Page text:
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The Internet Protocols. COMT 429. History. 1969 First version of a 4 node store and forward network, the ARPAnet 1972 Formal demonstration of ARPAnet with 20 packet switches and 50 hosts

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history
History

1969 First version of a 4 node store and forward network, the ARPAnet

1972 Formal demonstration of ARPAnet with 20 packet switches and 50 hosts

mid-70s UNIX distributed to academic and research sites. DEC PDP-11 systems gain wide acceptance. Initial research on TCP.

1980 DEC VAXs appear and replace PDP-11. Berkley UNIX provided with TCP implementation.

1983 ARPAnet goes to TCP full-time. Sun Computers incorporate TCP/IP.

protocol overview
Protocol Overview

E-Mail HTTP (WWW) Remote Login

File Transfer

TCP UDP

IP ICMP ARP RARP

(Auxiliary Services)

X.25 Packet

Layer

Ethernet, X.25, HDLC etc.

network hierarchy
Network Hierarchy

“Backbone”

“Gateway”

types of connections
Types of Connections
  • Connection-Oriented Protocols
    • Requires Set-Up and Termination
    • Provides Sequencing, Flow Control, Error Handling
  • Connection-Less Protocols
    • Also referred to as “Datagram” or “Best Effort” Delivery
    • Typically does include Error Detection
connection types in tcp ip
Connection Types in TCP/IP

Transport Layer

TCP: Connection Oriented

UDP: Connection-less

Connection-less

Network Layer

Data Link Layer and Physical Network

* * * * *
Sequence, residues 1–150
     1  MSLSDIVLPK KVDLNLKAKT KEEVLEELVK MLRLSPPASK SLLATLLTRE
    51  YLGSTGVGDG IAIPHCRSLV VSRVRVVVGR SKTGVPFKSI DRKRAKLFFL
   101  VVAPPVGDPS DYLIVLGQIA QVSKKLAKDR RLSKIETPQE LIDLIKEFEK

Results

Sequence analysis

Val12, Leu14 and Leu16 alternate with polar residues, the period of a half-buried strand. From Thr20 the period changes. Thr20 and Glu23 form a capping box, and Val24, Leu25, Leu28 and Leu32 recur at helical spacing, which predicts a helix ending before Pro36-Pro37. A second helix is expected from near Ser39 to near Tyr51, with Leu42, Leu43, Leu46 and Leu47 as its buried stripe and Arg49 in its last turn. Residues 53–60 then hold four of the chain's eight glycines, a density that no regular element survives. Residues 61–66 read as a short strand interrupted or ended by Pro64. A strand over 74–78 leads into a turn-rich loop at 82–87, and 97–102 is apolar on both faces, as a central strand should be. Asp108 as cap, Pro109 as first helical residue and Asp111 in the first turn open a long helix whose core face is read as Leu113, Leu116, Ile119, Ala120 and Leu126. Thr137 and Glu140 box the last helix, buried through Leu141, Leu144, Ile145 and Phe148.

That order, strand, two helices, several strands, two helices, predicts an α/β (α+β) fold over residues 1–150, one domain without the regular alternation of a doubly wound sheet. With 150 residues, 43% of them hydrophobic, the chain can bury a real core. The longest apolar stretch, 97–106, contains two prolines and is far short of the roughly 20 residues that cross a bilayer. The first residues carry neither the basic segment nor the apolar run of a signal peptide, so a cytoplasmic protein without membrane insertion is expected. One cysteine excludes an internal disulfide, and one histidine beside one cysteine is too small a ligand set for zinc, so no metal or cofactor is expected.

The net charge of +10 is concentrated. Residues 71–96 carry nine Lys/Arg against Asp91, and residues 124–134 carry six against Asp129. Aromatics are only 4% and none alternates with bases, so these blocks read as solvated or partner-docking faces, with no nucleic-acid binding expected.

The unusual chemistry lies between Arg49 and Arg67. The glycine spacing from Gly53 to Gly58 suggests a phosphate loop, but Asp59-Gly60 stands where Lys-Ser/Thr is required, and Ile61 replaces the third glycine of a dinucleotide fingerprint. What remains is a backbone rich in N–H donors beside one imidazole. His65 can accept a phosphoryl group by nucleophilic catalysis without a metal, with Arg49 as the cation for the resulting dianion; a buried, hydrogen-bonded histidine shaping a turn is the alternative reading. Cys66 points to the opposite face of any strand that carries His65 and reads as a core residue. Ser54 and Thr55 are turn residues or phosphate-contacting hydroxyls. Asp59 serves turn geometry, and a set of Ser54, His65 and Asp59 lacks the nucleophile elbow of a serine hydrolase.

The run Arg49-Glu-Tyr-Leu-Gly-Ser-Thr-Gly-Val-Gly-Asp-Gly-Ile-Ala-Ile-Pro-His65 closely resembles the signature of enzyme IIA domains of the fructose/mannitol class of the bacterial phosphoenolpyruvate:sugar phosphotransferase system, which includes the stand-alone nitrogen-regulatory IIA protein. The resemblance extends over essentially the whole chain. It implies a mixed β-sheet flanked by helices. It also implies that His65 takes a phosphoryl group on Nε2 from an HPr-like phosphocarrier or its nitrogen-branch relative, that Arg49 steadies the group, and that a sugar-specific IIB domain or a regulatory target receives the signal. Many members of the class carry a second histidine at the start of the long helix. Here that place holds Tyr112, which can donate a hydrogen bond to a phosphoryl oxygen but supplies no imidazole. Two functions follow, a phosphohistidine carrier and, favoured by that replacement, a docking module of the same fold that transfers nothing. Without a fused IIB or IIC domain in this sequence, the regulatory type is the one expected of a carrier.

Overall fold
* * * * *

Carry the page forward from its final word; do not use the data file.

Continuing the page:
Depends on the network

ip header
IP Header

Version

Header Len

Class of Service

Total Length

Identification

D

M

Fragment Position

Timeout

Protocol

Header Checksum

Source Address

Destination Address

udp header
UDP Header

Source Port

Destination Port

Checksum

Length

tcp header
TCP Header

Source Port

Destination Port

Sequence Number

Acknowledgement Number

misc Flags

Window (flow cntrl)

Checksum

Urgent

Options

addressing
Addressing

IP Addresses are 32 bits long, originally using one of three

formats:

0NNNNNNN HHHHHHHH HHHHHHHH HHHHHHHH

or

10NNNNNN NNNNNNNN HHHHHHHH HHHHHHHH

or

110NNNNN NNNNNNNN NNNNNNNN HHHHHHHH

N = Network Address Bit

H = Host Address Bit

notation
Notation
  • Dotted Decimal:
    • 192.149.89.61 = 1100 0000 1001 0101 0101 1001 0011 1101 = C0 95 59 3D
    • 132.235.75.17
  • The Network:
    • 192.149.89.0
  • Broadcast on that network:
    • 192.149.89.255
routing in an autonomous system
Routing in an Autonomous System
  • Assign a network class that grants enough host addresses.
  • The internet routes based on one network number
  • Do we find a host inside the autonomous system?

OU

Internet

RTVC

132.235.0.0

CS (Morton)

subnetworks
Subnetworks
  • Divide the Host Section
  • Network 132.235.0.0
    • Use half of the host id as a subnetwork
    • 10NNNNNN NNNNNNNN SSSSSSSS HHHHHHHH
  • Network Mask 255.255.255.0
  • 132.235.75.17
    • Internet network 132.235.0.0
    • Internal Network 132.235.75.0
    • Host 17
an example
An Example

Web Server:

www.lerc.nasa.gov

Web Browser

“Backbone”

the request
The Request
  • User types into the browser:
  • “http://www.lerc.nasa.gov/index.htm”
browser interpretation
Browser Interpretation
  • “http://www.lerc.nasa.gov/index.htm”
  • Protocol to use is HTTP (HyperText Transfer Protocol); the transport protocol is TCP
  • The requested server is named www.lerc.nasa.gov
  • The SAP address is 80
  • The requested file is “index.htm”
name resolution
Name Resolution
  • www.lerc.nasa.gov is not an actual address